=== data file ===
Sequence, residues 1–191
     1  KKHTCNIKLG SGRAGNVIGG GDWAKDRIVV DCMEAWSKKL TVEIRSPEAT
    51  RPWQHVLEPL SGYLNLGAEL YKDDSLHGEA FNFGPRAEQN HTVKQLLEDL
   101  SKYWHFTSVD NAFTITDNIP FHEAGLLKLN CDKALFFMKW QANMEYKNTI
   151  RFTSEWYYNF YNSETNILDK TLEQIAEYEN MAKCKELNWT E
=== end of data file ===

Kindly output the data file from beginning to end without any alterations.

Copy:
Sequence, residues 1–191
     1  KKHTCNIKLG SGRAGNVIGG GDWAKDRIVV DCMEAWSKKL TVEIRSPEAT
    51  RPWQHVLEPL SGYLNLGAEL YKDDSLHGEA FNFGPRAEQN HTVKQLLEDL
   101  SKYWHFTSVD NAFTITDNIP FHEAGLLKLN CDKALFFMKW QANMEYKNTI
   151  RFTSEWYYNF YNSETNILDK TLEQIAEYEN MAKCKELNWT E